Biryani or bust

Bawarchi Indian food empire stakes its claim in Texas, starting with Dallas-Fort Worth

Bawarchi Indian food empire stakes its claim in Texas, starting with Dallas-Fort Worth

Chicken tikka masala at Bawarchi Signature in Dallas
Bawarchi's menu includes Indian classics such as chicken tikka masala. Photo courtesy of Bawarchi Signature
Hyderabadi dum biryani at Bawarchi Signature in Dallas
But Bawarchi's signature dish is Hyderabadi biryani, rice simmered with spices and offered vegetarian-style or with chicken. Photo courtesy of Bawarchi Signature
Bawarchi Signature Indian restaurant
Bawarchi's buffet retains an elegance left behind by the previous tenant, Clay Pit.
Chicken tikka masala at Bawarchi Signature in Dallas
Hyderabadi dum biryani at Bawarchi Signature in Dallas
Bawarchi Signature Indian restaurant

After 10 years serving Indian fusion food, Clay Pit in Addison closed last November – sad, but with an upbeat twist: It was replaced by Bawarchi Signature, another Indian restaurant, but this one specializes in Hyderabadi biryani.

In its few short months, Bawarchi has already become a popular destination for the local Indian population. It not only inherited Clay Pit's well-appointed dining room, but it also got the liquor license. That means you can get cocktails, wine and beer with your Indian food.

Bawarchi's location has a legacy. Clay Pit opened in 2002 as an offshoot of the Clay Pit in Austin, with a chic atmosphere that set it apart from the other modestly appointed Indian restaurants around Dallas-Fort Worth.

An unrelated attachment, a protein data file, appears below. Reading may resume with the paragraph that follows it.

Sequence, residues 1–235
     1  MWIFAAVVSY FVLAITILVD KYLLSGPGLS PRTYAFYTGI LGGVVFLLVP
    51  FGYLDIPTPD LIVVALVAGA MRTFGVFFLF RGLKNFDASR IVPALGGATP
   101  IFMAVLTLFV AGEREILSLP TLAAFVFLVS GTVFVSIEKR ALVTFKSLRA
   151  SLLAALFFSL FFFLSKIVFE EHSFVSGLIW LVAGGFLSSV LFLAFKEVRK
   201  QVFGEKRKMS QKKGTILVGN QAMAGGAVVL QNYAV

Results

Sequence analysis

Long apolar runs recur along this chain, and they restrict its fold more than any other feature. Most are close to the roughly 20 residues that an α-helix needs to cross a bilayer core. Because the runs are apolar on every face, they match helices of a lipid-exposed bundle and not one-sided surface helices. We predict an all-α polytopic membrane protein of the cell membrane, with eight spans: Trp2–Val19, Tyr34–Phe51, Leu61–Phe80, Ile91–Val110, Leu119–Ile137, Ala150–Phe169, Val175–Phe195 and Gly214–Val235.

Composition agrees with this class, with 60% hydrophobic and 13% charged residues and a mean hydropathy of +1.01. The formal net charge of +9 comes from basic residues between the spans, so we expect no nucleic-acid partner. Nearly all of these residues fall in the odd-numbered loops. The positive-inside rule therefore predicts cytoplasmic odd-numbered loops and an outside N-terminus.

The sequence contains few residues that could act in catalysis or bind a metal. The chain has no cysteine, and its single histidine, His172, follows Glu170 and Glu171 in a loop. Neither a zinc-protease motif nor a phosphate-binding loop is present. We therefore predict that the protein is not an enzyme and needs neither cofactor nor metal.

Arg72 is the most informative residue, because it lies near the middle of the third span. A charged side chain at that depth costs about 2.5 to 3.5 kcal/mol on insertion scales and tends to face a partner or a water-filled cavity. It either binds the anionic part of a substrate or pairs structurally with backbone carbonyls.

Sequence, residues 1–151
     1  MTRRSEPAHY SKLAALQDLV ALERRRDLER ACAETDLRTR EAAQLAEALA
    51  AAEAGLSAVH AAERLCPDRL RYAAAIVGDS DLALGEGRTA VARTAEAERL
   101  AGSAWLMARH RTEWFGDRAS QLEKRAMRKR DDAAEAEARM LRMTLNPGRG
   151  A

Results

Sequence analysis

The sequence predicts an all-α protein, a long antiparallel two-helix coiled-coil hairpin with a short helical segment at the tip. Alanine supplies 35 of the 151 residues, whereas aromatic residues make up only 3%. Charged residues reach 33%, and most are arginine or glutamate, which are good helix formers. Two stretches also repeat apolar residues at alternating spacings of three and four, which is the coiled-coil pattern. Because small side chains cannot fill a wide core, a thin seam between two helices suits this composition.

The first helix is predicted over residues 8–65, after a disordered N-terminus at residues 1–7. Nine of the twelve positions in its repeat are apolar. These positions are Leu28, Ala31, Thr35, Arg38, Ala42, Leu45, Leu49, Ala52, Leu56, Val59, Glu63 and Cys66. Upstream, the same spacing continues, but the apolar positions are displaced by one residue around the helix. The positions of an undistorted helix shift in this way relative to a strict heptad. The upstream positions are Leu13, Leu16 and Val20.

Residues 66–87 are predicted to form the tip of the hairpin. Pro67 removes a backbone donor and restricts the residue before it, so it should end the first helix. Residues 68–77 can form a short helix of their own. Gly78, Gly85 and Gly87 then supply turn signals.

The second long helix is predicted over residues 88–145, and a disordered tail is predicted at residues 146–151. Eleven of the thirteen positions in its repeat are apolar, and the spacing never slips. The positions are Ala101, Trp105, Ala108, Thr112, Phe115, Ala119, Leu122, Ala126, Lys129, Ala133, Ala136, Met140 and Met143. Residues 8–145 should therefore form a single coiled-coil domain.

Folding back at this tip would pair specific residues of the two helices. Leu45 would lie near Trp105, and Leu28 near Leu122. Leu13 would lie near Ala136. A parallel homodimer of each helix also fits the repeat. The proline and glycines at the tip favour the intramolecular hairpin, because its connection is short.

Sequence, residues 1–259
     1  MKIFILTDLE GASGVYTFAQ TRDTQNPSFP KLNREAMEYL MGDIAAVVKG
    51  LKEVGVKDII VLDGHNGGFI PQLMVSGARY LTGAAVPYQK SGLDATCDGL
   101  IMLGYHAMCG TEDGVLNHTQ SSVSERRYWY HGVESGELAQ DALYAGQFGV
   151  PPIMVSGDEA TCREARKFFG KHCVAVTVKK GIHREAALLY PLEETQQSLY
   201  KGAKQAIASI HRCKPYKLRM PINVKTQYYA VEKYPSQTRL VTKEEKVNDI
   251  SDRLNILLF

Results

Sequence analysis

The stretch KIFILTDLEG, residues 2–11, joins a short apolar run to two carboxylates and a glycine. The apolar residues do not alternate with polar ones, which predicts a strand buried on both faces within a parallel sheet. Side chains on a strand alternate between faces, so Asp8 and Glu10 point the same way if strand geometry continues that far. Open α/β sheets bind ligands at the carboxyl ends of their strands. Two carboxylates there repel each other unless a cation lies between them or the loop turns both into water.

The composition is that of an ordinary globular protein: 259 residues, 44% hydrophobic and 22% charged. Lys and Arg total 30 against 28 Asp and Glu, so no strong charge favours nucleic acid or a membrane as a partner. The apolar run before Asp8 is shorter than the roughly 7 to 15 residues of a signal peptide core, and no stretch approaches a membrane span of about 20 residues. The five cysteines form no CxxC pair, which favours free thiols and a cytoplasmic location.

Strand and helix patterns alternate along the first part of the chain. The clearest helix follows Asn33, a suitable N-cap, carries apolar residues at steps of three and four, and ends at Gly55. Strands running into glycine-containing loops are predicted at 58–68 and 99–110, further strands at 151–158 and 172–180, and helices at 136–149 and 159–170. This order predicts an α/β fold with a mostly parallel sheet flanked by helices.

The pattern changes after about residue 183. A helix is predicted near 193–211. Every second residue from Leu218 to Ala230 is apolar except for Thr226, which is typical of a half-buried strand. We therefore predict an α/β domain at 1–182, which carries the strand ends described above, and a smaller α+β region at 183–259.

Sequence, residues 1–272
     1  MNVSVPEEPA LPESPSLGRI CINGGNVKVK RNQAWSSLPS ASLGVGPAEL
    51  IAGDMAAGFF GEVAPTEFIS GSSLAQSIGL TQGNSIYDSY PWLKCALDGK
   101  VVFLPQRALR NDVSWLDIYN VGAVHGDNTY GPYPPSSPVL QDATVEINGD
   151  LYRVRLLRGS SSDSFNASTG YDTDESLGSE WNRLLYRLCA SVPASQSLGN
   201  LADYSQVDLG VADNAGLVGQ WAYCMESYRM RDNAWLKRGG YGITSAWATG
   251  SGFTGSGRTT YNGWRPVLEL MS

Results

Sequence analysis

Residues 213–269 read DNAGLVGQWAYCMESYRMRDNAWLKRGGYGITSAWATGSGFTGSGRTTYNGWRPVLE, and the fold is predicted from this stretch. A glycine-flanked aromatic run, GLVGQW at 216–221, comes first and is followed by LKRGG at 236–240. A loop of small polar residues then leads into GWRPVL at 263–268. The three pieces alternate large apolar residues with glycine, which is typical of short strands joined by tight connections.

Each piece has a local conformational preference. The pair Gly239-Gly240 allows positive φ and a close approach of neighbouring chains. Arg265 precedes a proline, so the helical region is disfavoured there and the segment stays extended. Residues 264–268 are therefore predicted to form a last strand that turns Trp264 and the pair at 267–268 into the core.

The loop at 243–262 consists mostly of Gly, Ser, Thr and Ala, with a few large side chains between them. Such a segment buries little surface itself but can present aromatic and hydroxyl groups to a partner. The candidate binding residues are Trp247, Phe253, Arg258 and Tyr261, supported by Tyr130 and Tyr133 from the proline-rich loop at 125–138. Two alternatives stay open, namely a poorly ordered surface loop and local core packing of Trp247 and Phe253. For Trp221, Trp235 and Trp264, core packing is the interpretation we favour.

The signature dish is biryani, a rice dish simmered with spices. Bawarchi also does Indian staples like tandoori chicken, kebabs and chicken tikka masala.

Clay Pit also launched the career of chef Vijay Sadhu, whose fusion dishes caught the eye of local critics, including the Dallas Morning News' Bill Addison. (Sadhu left to join Stephan Pyles at Samar before opening Pepper Smash in Plano in 2012.) But by 2011, the management had changed, and Clay Pit's reputation had gone downhill.

Bawarchi has its own interesting back story. It's part of a network of Bawarchi-named restaurants that have been opening around Dallas, including Bawarchi Biryani Point in Carrollton and Irving, says co-owner Siva Yarlagadda. He owns it with Ramanaidu Suryadevaraya and Kishore Kancharla, who co-founded Bawarchi in the U.S., plus Anil Lella and Vijay Shekar Anne.

"It is me and four other partners. We are friends," Yarlagadda says. "Back in south India, we have a restaurant called Bawarchi, which has south Indian-style Hyderabadi cuisine, one of the best you can find in that area. From there, we got the franchise and decided to open in Texas."

They began in Plano with Bawarchi Point, doing fast-food-style Indian on Ohio Drive.

"We have three concepts," Yarlagadda says. "There's Biryani Point, which is like a fast-food place; Signature, our fine-dining restaurant; and Express, which is to-go."

The signature dish is biryani, a rice dish simmered with spices, which comes in a vegetarian version or else accompanied with chicken; some traditional versions incorporate lamb. Bawarchi also does Indian staples like tandoori chicken, kebabs and chicken tikka masala.

"The food is similar at all of them, but we adjust the spice level according to the neighborhood," Yarlagadda says. "In Addison, we have a mixed clientele, so we go a little easy on the spices there. Plano is densely populated with Indians, and so is Carrollton. Most of our customers are Indian, so the spice level is high."

Like most Indian restaurants around the area, Bawarchi Signature has been consigned to offer a buffet, and that's been a big draw. It's $9.95 and features a minimum of 30 items, including curries and at least five vegetarian entrees.

The Bawarchi expansion continues. There is already a Biryani Point in San Antonio, and, in February, they will open branches in Frisco and on Westheimer Road in Houston.

Taking over Texas, one bowl of biryani at a time?

"Let's see how it goes," Yarlagadda says.